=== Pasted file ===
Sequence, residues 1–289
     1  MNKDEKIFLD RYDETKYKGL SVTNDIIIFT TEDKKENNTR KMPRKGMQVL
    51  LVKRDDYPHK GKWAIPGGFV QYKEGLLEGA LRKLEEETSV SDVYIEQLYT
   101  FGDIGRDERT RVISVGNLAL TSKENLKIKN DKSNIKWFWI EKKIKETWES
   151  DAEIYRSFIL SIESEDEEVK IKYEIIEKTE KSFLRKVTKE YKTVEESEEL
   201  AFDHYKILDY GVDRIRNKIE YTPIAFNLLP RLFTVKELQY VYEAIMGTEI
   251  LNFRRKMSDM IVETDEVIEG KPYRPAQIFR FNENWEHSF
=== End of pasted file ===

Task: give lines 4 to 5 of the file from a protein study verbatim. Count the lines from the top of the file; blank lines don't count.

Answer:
   101  FGDIGRDERT RVISVGNLAL TSKENLKIKN DKSNIKWFWI EKKIKETWES
   151  DAEIYRSFIL SIESEDEEVK IKYEIIEKTE KSFLRKVTKE YKTVEESEEL